cover of book
 

Kingship and Sacrifice: Ritual and Society in Ancient Hawaii
by Valerio Valeri
translated by Paula Wissing
University of Chicago Press, 1985
Cloth: 978-0-226-84559-3 | Paper: 978-0-226-84560-9
Library of Congress Classification BL2620.H3V35 1985
Dewey Decimal Classification 299.92

ABOUT THIS BOOK | TOC | REQUEST ACCESSIBLE FILE
ABOUT THIS BOOK
Valeri presents an overview of Hawaiian religious culture, in which hierarchies of social beings and their actions are mirrored by the cosmological hierarchy of the gods. As the sacrifice is performed, the worshipper is incorporated into the god of his class. Thus he draws on divine power to sustain the social order of which his action is a part, and in which his own place is determined by the degree of his resemblance to his god. The key to Hawaiian society—and a central focus for Valeri—is the complex and encompassing sacrificial ritual that is the responsibility of the king, for it displays in concrete actions all the concepts of pre-Western Hawaiian society. By interpreting and understanding this ritual cycle, Valeri contends, we can interpret all of Hawaiian religious culture.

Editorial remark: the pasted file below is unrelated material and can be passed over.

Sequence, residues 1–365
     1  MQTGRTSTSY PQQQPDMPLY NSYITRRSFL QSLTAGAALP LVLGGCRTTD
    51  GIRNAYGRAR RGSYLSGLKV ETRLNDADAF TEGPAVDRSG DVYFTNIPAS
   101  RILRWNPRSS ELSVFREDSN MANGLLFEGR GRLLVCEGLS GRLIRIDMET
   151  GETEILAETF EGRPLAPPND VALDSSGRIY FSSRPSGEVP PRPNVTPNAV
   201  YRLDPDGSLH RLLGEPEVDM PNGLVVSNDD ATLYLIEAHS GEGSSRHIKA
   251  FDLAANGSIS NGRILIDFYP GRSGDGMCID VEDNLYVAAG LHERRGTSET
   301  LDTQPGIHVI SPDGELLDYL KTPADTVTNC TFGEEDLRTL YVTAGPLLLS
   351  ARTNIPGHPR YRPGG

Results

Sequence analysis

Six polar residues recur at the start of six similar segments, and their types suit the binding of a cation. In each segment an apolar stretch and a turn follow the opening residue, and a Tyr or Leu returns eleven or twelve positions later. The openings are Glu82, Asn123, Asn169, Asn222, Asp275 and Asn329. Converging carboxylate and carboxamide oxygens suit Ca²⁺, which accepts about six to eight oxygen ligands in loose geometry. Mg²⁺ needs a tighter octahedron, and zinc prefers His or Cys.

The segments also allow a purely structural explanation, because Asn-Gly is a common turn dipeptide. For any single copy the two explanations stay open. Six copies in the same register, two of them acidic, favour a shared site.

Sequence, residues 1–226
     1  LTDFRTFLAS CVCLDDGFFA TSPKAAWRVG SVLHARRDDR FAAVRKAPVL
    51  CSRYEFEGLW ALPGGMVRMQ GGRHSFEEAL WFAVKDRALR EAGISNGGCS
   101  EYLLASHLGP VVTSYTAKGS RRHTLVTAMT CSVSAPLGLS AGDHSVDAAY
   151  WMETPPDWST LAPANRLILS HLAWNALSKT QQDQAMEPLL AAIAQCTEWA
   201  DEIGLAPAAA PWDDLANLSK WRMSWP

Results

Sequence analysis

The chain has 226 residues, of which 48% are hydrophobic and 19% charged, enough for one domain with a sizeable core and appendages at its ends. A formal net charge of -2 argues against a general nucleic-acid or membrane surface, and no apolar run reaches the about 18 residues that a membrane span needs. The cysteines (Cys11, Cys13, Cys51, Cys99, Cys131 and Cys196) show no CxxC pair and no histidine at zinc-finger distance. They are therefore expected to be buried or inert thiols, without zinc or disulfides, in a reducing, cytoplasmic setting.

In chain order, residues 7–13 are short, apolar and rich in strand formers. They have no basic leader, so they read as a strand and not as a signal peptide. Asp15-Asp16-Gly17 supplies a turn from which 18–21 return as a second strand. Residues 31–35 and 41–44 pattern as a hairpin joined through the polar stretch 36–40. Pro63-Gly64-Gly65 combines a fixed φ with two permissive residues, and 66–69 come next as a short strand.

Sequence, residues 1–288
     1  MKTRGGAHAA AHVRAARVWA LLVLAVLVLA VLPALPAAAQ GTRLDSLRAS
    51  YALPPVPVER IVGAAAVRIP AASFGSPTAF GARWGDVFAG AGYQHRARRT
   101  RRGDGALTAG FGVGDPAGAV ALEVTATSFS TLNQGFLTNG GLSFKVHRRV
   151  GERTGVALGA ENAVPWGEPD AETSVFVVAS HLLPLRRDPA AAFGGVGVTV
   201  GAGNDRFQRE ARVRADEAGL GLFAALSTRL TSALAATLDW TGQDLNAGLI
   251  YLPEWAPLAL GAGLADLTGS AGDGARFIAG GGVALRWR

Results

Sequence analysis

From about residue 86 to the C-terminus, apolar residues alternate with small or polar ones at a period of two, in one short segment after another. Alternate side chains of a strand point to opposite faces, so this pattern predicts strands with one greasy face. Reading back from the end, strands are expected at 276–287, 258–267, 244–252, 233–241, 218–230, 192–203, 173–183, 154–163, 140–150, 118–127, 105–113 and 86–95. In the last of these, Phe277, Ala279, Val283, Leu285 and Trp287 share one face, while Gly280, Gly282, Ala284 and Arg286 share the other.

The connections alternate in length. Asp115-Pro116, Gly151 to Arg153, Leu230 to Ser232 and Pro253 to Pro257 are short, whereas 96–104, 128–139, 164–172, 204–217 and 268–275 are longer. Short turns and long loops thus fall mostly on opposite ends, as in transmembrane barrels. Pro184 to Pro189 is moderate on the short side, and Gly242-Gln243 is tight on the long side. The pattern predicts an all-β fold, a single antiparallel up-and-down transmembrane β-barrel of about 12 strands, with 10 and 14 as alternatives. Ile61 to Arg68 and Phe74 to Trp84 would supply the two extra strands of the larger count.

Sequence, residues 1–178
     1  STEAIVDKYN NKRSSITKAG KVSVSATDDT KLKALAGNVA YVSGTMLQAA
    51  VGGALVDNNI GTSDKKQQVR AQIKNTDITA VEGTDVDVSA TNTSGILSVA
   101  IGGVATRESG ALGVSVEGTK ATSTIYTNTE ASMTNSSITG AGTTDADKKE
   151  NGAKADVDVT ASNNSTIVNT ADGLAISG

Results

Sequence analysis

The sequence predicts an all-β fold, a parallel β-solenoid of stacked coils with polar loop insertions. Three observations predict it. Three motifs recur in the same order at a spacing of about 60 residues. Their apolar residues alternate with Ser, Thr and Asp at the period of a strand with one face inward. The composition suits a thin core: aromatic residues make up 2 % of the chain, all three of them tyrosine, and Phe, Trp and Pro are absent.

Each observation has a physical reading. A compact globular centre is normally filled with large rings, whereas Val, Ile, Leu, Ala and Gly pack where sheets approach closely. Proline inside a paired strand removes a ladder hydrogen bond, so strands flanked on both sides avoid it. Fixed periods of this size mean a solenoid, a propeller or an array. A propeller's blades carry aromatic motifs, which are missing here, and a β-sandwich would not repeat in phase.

Reference metadata exposed for Zotero via unAPI.